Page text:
The Queen’s Gambit – How to create Netflix’s most-watched TV show – 10 lessons from the screenplay

In this Screenwriting Interview we go behind the scenes of the writing process from the series creator and screenwriter Scott Frank and lead actress Anya Taylor-Joy. The Queens Gambit is now Netflix’s most-watched scripted limited series, with 62 million households…

The Queen's Gambit - How to create Netflix’s most-watched TV show - 10 lessons from the screenplay

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In this Screenwriting Interview we go behind the scenes of the writing process from the series creator and screenwriter Scott Frank and lead actress Anya Taylor-Joy.

The Queens Gambit is now Netflix’s most-watched scripted limited series, with 62 million households watching in its first 28 days.♟👏🏼

Based on Walter Tevis’ 1983 book about a young chess prodigy – TQG follows Beth Harmon, an orphan-turned-chess prodigy who learns the game from the janitor in her orphanage.

Anya Taylor Joy shines in this seven-episode mini series. What are your thoughts on this show? 💭📺

Here are 10 screenwriting tips you can learn from The Queen’s Gambit:

0:00 – Intro

1:17 – 01 – “The Queen’s Gambit was a book I just loved and I didn’t think anybody would make it. I was shocked that Netflix was dumb enough to do it.” – Write what you love, you never know what will be successful.

2:13 – 02 – It took 30 years, 9 rewrites, and series of directors interested to get The Queen’s Gambit finally made. If you love the material never give up. If it doesn’t work as a movie, add new elements to it and rewrite it as a tv series.

3:50 – 03 – “Endings are very much a function of beginnings. Deliver an EMOTIONAL PAYLOAD at the end because that’s what the audience really wants. Not just exhilarating, but something that’s emotional on top of that.”

5:00 – 04 – “I firmly believe that every character has to be in the GREY AREA. They are not all good and they are not all bad. And I think that’s hugely important. Your good guy needs to be complicated and your antagonist needs to be complicated.”

6:33 – 05 – “There are three things that get old fast – grief anger and drunkenness. Usually, the anger is fake, because it’s built off of some fake conflict. But if you have real characters then there can be REAL CONFLICT. People are not behaving just because the script said so.”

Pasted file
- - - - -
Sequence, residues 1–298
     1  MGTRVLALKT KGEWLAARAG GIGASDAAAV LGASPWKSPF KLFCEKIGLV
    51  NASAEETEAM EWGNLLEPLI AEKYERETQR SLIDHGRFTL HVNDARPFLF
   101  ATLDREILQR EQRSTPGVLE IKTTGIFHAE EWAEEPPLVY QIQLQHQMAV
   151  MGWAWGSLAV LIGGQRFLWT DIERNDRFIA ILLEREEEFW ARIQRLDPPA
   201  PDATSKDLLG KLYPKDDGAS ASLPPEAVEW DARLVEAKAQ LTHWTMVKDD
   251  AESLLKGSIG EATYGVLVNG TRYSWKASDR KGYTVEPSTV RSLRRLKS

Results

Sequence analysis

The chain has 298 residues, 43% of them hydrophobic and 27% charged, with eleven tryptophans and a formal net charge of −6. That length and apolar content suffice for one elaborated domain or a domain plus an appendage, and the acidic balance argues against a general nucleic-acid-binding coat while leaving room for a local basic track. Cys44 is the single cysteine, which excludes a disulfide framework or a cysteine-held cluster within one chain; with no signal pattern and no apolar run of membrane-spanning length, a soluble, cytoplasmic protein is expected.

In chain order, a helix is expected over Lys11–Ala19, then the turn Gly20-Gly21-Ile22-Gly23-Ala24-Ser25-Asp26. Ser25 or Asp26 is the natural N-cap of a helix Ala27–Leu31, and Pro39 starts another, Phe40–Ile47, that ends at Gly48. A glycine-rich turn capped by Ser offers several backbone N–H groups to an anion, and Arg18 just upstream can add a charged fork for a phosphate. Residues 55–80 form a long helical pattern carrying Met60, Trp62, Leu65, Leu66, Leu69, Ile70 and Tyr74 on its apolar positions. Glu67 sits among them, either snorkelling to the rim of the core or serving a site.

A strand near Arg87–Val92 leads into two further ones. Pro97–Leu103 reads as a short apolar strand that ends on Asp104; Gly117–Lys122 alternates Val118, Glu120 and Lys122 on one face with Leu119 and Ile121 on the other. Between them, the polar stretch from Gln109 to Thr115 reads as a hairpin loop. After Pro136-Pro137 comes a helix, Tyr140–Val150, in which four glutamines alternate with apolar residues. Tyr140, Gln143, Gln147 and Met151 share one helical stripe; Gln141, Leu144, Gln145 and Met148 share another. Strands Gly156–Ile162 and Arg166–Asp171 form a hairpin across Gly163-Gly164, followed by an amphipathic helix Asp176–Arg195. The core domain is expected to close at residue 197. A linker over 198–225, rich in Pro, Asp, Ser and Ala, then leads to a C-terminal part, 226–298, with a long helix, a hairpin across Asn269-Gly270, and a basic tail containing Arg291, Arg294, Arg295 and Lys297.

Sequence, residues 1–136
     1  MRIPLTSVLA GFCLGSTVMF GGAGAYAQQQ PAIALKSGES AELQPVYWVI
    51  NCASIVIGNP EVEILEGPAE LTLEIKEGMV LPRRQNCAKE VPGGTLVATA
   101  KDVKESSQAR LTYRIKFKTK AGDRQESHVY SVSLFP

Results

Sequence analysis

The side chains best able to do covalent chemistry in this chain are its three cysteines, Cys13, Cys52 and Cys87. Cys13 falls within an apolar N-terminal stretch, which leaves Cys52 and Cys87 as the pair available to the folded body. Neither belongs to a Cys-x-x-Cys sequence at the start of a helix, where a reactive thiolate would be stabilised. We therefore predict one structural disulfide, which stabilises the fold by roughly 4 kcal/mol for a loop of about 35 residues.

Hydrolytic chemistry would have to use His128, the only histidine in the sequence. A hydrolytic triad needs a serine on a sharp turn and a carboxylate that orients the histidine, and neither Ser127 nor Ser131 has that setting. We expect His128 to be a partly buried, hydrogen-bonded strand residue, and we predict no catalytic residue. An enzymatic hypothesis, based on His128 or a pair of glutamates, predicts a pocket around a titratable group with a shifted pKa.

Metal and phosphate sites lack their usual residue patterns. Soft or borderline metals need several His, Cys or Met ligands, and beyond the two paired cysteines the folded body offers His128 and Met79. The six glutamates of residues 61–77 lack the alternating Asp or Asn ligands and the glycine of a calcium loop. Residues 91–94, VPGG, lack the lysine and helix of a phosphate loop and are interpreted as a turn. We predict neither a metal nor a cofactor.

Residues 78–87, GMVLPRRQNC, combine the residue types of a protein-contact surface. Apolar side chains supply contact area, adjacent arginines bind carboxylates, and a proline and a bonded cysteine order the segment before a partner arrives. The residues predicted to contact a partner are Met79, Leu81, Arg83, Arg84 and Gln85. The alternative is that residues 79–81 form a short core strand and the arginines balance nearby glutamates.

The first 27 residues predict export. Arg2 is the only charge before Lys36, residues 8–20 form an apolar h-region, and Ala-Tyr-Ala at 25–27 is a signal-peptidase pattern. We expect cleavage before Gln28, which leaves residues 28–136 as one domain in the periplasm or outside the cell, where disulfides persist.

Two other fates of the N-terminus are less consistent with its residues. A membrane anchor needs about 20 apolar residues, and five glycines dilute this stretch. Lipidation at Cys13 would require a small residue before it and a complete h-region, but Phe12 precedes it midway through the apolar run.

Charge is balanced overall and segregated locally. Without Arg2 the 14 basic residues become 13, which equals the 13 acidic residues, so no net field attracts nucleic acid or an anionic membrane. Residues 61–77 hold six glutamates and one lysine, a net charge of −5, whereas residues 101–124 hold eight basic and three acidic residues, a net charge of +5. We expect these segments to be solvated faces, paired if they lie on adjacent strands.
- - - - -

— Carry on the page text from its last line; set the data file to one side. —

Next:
7:37 – 06 – “I realized that you had to contextualize each of these chess matches in some sort of emotional context. You had to understand what the stakes are – not just about winning and losing, but for her personally.” It’s always about EMOTIONAL STAKES!

9:20 – 07 – If you have a character who is not very communicative or affectionate, you must create some trait which will make the viewers IDENTIFY with her. With Beth we care about her because we know she’s TRYING, we know that she doesn’t want to be alone.

10:13 – 08 – 90% of directing is casting. Discuss your character with your possible casting choices. If you know you need a peculiar character, whose face will be in a lot of close-ups choose someone with unusual facial features, who can do a lot with her eyes and her facial expressions.

11:44 – 09 – Encourage your actors to voice their point of view and give them “their take”. Be in control, have your vision, but involve the actors in the creative process. They will feel valued and you might get surprising spontaneous performances from them.

12:52 – 10 – Create character change through cinematography. First set SPECIFIC RULES for your story world. For example, your rule is: never use a handheld camera. Then at the end when you break that rule and use handheld it will say something about your character.

16:04 – EXTRA TIP – Scott Frank talks about THREE MOST COMMON SCRIPT PROBLEMS:
1. there is no character,
2. the tone is all over the place,
3. the third act doesn’t work.
He offers the solution: “Whenever I’m stuck 99% of the time it’s because the characters aren’t good enough.”

17:50 – Outro

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